When creating a stacked bar chart in Tableau, it’s common to encounter situations where the default settings might not align with your specific visualization needs. For instance, you might want to display a single label representing a total value instead of individual labels for each stack within the bar. To address this, follow these steps:

Construct Your Stacked Bar Chart: Begin by setting up your stacked bar chart using the necessary data, as shown in the example below:

Duplicate the Chart: Duplicate the chart within the same sheet by copying the measure. For instance, if your measure is SUM(Sales), replicate it as shown in the example:

Customize Chart Layers: With two charts available, modify one to reflect a specific measure (e.g., SUM(Sales) by Category) and the other to display a more detailed level of data (e.g., SUM(Sales) by Sub-Category) or another relevant measure.

To do this, you need to first adjust the second Marks Card by changing the chart type to Gantt-Bar. Then remove the dimension responsible for creating stacked bars (e.g., Sub-Category). After that add the desired label (e.g., Profit measure) to display atop the bars and customize the label settings to show it as you want, in this case I added ‘’Total Profit” to make the distinction between labels. Then set the Color Mark opacity to 0% to render the Gantt-Bar invisible, leaving only the label visible.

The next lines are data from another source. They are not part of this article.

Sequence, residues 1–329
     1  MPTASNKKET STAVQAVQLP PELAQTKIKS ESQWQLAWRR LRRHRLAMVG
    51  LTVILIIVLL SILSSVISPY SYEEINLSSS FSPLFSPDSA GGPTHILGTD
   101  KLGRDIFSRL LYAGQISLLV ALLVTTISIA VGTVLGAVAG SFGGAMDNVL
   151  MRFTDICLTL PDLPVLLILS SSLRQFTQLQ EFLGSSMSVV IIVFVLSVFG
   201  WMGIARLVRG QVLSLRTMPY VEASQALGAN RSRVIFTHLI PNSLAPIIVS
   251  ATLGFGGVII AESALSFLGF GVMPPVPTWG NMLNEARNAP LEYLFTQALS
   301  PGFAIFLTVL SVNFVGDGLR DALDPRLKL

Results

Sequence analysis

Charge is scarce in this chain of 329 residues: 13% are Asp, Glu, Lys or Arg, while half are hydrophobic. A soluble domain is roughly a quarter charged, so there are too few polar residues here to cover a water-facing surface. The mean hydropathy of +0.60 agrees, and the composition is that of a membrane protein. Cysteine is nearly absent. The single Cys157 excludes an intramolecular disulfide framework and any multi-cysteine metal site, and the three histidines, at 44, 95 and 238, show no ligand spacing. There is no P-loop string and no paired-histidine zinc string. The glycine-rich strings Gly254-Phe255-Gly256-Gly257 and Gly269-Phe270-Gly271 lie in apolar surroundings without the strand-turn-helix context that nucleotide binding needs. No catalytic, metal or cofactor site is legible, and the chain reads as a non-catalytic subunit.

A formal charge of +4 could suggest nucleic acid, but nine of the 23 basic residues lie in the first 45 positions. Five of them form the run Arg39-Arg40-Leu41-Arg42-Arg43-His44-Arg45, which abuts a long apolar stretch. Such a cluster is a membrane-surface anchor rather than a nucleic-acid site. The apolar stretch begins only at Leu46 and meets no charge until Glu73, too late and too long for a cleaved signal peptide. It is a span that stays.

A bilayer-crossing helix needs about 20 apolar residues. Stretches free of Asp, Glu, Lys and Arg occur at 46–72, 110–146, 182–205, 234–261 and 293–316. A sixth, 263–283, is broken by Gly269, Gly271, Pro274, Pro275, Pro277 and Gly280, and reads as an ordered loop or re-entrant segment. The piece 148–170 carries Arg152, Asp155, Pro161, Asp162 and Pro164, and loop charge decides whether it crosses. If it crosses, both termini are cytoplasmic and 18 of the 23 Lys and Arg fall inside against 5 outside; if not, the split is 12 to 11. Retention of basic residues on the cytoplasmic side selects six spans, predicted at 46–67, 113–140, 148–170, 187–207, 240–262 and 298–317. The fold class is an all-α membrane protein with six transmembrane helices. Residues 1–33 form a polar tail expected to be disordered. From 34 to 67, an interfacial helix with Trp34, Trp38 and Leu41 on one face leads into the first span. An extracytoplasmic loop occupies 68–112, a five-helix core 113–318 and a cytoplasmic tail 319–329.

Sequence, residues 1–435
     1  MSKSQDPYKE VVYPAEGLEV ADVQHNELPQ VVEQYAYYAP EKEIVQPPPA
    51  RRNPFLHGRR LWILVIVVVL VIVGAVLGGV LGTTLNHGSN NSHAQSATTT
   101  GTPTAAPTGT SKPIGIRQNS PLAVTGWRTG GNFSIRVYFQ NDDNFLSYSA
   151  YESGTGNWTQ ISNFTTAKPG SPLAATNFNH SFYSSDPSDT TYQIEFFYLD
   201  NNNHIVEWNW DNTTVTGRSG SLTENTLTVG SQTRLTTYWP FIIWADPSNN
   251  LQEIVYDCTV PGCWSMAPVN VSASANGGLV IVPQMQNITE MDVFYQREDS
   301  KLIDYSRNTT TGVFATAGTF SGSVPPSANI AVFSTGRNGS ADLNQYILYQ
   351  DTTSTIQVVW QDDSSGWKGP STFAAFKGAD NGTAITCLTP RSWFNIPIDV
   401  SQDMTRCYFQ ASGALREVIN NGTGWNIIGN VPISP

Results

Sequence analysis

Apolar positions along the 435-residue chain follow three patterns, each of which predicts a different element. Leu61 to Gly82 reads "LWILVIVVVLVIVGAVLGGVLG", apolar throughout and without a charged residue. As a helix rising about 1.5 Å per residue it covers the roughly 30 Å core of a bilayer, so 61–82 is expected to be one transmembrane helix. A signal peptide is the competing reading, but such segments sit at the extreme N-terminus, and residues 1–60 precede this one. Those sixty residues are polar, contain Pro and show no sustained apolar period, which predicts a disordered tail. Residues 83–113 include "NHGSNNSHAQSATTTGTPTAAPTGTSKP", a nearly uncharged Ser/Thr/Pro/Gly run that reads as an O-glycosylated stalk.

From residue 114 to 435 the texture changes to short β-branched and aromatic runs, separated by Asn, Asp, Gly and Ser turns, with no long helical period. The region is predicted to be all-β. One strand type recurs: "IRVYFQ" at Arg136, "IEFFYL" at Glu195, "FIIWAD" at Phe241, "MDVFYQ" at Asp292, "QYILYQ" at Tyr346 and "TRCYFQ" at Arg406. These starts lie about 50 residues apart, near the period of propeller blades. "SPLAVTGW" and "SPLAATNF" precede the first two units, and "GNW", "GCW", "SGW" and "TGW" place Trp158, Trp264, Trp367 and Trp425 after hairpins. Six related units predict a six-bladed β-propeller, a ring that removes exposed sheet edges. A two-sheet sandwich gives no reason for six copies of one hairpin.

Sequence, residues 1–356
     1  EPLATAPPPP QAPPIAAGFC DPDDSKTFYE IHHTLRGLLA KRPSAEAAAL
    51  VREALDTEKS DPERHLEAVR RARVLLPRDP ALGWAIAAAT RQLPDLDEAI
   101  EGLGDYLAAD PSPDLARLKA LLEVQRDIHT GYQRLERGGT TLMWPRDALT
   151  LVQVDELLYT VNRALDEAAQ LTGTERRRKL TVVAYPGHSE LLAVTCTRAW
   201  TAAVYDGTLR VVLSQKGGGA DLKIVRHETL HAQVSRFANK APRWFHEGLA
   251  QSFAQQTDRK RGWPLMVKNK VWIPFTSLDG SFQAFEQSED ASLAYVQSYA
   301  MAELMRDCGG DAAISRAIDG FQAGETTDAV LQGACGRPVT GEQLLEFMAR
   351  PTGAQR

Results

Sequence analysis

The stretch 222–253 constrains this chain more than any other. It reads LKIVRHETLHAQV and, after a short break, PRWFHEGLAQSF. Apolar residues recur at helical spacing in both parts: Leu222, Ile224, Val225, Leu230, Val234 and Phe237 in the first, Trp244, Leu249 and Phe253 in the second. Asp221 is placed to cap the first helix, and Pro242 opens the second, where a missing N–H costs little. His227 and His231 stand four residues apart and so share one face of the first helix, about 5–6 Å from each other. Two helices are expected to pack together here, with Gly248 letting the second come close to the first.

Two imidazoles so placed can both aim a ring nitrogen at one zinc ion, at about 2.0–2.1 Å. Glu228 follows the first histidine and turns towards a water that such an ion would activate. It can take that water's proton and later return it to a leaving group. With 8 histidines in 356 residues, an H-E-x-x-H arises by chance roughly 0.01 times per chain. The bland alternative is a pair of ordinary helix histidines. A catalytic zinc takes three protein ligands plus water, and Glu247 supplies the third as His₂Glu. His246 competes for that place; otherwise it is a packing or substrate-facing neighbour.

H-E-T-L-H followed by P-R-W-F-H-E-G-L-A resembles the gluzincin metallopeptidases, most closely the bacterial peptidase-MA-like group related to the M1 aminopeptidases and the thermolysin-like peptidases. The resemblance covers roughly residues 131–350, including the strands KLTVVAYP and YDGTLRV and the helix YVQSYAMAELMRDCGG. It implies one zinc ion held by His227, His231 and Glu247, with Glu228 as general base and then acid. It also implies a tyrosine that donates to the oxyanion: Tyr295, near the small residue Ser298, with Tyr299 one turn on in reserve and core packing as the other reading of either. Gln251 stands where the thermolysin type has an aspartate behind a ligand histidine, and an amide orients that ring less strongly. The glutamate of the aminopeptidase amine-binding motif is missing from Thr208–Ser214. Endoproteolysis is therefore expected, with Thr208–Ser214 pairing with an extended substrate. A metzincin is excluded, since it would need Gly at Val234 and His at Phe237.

Once you have your bars and labels ready you need to create a Dual Axis and Synchronize it: Expect the chart type to temporarily change during this process. You can do these steps by right-clicking on the axis. Then hide the duplicate right axis by right-clicking on the axis and deselecting “show header.”

Adjust Chart Type and Labels back: Restore the original chart type to Bars in the first Marks Card and configure the labels according to your preferences. For example, in the first Marks Card, display Sales by Sub-Category, so we can have both sales by Sub-Category and Total Profit by Category shown in one chart, as depicted in the image below:

With this technique, you can effectively showcase diverse values or varying levels of granularity within a single, refined chart.

The Data School
Author: The Data School